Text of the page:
By: Peter Suciu
Unlike many countries in the world, the United States is a nation whose laws are built on the presumption of innocence, and even suspected criminals are granted a great deal of protection under said laws. Search warrants are often required for police to conduct an investigation, and wiretaps are far harder to obtain than most movies or TV shows might suggest.
There was great outrage – and rightfully so – over the National Security Agency's MYSTIC surveillance program that collected metadata and other content of American citizens’ phone calls. Many liberal lawmakers saw the program as an abuse of power by the intelligence community and a violation of personal freedoms and privacy of American citizens.
When it comes to the "no fly list" and firearms, however, many of those who saw government overreach with MYSTIC and other law enforcement efforts saw this as common sense. The "no fly list," after all, is a compilation of suspected terrorists who are likely to do our country harm. As the 20th anniversary of 9/11 approaches, it might even seem reasonable that those who are on the no fly list shouldn't be able to buy a gun.
Except, there is the fact that the no fly list is terribly flawed, as it contains false positives, and more importantly, includes those who have never committed a crime. Imagine if being on the no fly list meant you couldn't get a job, a credit card, or were automatically denied when it came to buying or renting a place to live.
Perhaps then those liberals would understand why the no fly list remains a serious problem.
As John R. Lott and Thomas Massie wrote this week for The Washington Times, "Being on the watch list doesn't mean that you are guilty of anything. You can be on the list simply because the FBI wants to interview you about someone you might know. As of 2014, about 40 percent of people on the watch list were under 'reasonable suspicion' despite having 'no affiliation with known terrorist groups.' People can get nominated for the list by various government agencies, and no oversight agency exists to ensure that these additions are justified."
It is a myth that the late Sen. Ted Kennedy of Mass. was ever on the list – he technically wasn't on the list, but he and the late Rep. John Lewis (D-Georgia) did face greater scrutiny at the airport due to those with similar names being on the list.
In the case of conservative journalist Stephen F. Hayes, he actually found himself on the United States Department of Homeland Security's Terrorist Watchlist, which meant he received additional scrutiny on several airline flights. In Hayes' case, he likely ended up on the list for flying with his wife on a one-way flight into Istanbul, and then flew out of Athens for his return trip back to America. Apparently, such a trip landed him on the watch list, as one-way trips to Turkey were being made by potential jihadists going to Syria.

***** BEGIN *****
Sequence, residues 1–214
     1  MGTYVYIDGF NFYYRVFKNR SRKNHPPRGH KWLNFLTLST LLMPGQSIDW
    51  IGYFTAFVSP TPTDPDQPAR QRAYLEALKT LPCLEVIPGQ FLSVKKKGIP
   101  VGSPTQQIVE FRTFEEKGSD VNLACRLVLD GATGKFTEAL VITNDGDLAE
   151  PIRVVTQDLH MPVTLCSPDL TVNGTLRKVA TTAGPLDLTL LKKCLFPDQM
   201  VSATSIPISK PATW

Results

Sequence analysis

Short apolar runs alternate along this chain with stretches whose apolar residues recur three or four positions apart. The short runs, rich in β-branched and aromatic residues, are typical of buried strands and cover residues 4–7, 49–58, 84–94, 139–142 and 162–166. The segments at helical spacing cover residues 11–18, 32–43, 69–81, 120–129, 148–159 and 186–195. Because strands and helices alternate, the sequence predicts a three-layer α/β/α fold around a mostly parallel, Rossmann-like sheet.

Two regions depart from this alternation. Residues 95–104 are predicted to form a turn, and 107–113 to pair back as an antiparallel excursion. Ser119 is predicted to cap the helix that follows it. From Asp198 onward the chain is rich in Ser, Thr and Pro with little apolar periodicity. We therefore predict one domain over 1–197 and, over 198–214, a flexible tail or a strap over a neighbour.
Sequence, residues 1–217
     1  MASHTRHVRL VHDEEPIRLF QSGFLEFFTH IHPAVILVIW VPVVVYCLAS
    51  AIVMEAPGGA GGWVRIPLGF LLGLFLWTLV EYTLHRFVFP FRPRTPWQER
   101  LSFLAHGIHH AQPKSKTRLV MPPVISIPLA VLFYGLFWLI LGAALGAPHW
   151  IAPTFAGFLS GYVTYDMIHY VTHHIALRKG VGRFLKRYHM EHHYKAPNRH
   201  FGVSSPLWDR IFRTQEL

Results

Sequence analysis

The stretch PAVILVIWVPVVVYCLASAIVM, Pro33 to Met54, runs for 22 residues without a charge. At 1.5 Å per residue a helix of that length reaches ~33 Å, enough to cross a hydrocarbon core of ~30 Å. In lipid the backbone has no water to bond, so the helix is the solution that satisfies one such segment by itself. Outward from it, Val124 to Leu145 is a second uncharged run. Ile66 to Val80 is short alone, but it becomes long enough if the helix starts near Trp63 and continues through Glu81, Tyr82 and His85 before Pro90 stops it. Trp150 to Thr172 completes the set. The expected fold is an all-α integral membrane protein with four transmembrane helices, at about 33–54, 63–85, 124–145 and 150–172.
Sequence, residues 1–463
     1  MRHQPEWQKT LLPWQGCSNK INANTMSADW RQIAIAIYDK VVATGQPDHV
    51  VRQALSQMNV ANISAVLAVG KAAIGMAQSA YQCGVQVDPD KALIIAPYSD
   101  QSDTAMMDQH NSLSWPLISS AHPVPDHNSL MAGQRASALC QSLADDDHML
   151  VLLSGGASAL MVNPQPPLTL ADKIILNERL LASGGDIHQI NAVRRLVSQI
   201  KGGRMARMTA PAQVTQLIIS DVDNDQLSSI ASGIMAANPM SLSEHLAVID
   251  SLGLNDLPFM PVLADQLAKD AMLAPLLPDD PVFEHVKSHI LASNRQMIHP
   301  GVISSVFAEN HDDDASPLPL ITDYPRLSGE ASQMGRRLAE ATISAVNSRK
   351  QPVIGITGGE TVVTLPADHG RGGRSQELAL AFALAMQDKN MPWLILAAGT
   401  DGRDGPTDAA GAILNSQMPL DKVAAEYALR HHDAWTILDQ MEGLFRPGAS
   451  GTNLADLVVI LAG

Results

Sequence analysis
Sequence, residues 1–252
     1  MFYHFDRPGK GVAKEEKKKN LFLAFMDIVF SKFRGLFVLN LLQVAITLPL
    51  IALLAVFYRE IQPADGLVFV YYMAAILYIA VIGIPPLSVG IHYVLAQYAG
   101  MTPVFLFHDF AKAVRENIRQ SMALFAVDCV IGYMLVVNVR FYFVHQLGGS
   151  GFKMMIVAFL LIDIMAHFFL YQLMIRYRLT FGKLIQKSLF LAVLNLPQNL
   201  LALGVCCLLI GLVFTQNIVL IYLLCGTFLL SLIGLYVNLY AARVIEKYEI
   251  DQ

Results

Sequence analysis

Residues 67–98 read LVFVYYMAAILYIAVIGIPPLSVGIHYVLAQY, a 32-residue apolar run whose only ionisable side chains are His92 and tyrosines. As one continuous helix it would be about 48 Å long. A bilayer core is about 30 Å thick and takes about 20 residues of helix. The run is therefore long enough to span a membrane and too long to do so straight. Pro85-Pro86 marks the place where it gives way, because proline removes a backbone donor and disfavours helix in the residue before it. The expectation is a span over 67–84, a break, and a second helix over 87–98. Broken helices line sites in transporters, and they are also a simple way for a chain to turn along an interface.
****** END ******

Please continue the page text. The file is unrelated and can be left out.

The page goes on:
It took great effort for Hayes, who had been a regular fixture on Fox News, to get removed from the list. For Hayes, who traveled frequently, it was a headache.
For some trying to buy a firearm, it has been a far bigger issue, because many Democratic lawmakers have suggested that anyone – regardless of whether they might be on the list by mistake – should automatically be denied their Second Amendment rights. It certainly made sense to former President Barack Obama.
"Right now, people on the no fly list can walk into a store and buy a gun," Obama said during his weekly radio address. "That is insane."
Instead of considering that the president was going too far with his hyperbole, Sen. Dianne Feintstein (D-Calif.) even tried to add a ban as a budget amendment in 2016. Fortunately, it was blocked by Republican lawmakers.
Now imagine if any lawmaker suggested that those on the no fly list should be denied their First Amendment and perhaps 14th Amendment rights as well. In the former, we could ponder that if someone were so dangerous, should we allow them the right to spread their message, especially as it could be dangerous speech that threatens the government?
Of course, no lawmaker would suggest that, as even criminals are granted a right to free speech. It is understandable that criminals lose their Second Amendment rights, but that only applies to convicted felons or those convicted of violent misdemeanors. In other words, only actual criminals or those whom the court deems unfit to own a firearm are denied their Second Amendment rights, whereas some liberals feel anyone suspected of a being a terrorist shouldn't have their rights striped away.
And to that point, imagine if anyone were to suggest that being on the list should deny one their 14th Amendment rights to due process; there would no doubt be great outrage. That is literally what banning those who are on the list from their Second Amendment rights is doing.
Yet, to the same individuals who support it, banning someone from buying a gun for being on the no fly list makes sense.
Now that is what is truly insane.
Peter Suciu is a Michigan-based writer who has contributed to more than four dozen magazines, newspapers and websites. He regularly writes about military small arms, and is the author of several books on military headgear including A Gallery of Military Headdress, which is available on Amazon.com.